This week's conglomeration 'cuff begins with the quarterly meeting of the Benton County Historical Society. The meeting was held at the Decatur Museum building, which served as the Kansas City Southern Railroad depot for many years.
Wasn't it in the 1890s when the trains began rolling up the hills from Sulphur Springs to Gravette and then to Decatur and on south to Gentry and Siloam Springs? And although those red, white and yellow engines are still going through the towns, the KCS now belongs to a Canadian railway company. Those whistles still sound warnings at crossings, but it has been many, many years since those old black engines spewed coal-black smoke that settled on nearby clotheslines filled with clothes on some days.
I'd bet that quarter you're probably thinking, "I wish he'd get on with the meeting." So here goes. The meeting was about "Oral Histories of Benton County," presented by a man, Scott Davis, who has been involved with taking memories from county residents who recalled how the county has grown from a population of about fifty thousand people to today's population of some quarter million who call it home. I think that's right, isn't it?
Mr. Davis showed how some of the memories were caught on film, which helped show how positive thinking and working together produced good results, positive results that have aided the progress that has occurred in rather recent years ... but some important ones were in not so recent years because those are real memories. Seeing the film and having the explanation by Mr. Davis laid the foundation that recommends working today to make positive memories. Such filming may have been taken from people who were attending the meeting, and hopefully, building positive memories today will equal those remembered as far back as when Benton County began shortly after Arkansas became a state in 1836, up through trying times, depressions, wars and even in today's uncertainties. We're all in this together, aren't we?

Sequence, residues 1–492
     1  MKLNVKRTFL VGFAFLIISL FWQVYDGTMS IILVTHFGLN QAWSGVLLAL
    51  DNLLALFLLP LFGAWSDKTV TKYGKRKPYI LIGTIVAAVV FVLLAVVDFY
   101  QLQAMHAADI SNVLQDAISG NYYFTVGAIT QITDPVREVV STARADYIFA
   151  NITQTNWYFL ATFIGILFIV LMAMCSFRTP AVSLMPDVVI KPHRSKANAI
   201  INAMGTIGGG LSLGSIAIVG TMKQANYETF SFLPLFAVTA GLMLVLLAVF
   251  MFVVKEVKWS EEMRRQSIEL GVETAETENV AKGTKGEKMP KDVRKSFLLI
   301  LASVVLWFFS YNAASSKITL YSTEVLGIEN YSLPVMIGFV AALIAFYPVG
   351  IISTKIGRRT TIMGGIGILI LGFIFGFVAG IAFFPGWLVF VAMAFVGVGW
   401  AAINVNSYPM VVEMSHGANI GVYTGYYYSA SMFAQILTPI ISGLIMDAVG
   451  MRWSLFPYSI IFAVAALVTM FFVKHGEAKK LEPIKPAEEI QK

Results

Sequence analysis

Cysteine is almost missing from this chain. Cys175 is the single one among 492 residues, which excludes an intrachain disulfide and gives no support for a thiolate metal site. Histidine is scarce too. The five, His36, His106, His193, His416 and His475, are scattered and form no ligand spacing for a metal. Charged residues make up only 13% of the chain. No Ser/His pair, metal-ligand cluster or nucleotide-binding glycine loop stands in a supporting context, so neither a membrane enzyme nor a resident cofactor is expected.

It's time to move on a bit. The progress surprised me because the old 'cuffer thought the program would be about years and years ago, like why and how the trains were able to come through an area such as what we call Westside Eagle Observer country and how the township of Decatur was almost located six miles east of where it is located today. What's that? This is a tidbit of history I've been going to write about for some time merely to show how an error was discovered.
This is what happened ... It was in 1873 that sixteen county political townships and voter precincts needed to be recognized and re-established, and it was ten years later that this list would be made so a new county map could be printed in 1883. The list was printed in "Goodspeed's 1889 History of Benton County" as follows: Batie, Sulphur Springs, Dickson, Osage, Mt. Vernon, Sugar Creek, Roller's Ridge, Walnut, War Eagle, Esculapia, Brightwater, Colville, Big Spring, Anderson, Wager, Ball, Flint, Hico, Round Prairie, Eldorado Springs, and Wallace.
Following the printing of the list, a petition was filed for a new township called Decatur, beginning at the northwest section of Section 34 in Township 20 North, Ragne 32 West, running south, and then it happened: A clerical error was discovered somewhere in the sixteen lines of description. Township 31 West should be changed to read 32 West, and Township 32 West should read 33 West. "If the error had not been caught, the new township, Decatur, would have been six miles east of where it is located," according to history books which covered Washington, Carroll, Madison, Crawford, Franklin, and Sebastian counties, as well as Benton's more than 230 pages. It's quite a book that describes Benton County completely in 1889.
Isn't that enough for this time? Could it be roads again, or weather predictions, or maybe even lowering taxes next time?
Dodie Evans is the former owner and editor of the Gravette News Herald. Opinions expressed are those of the author.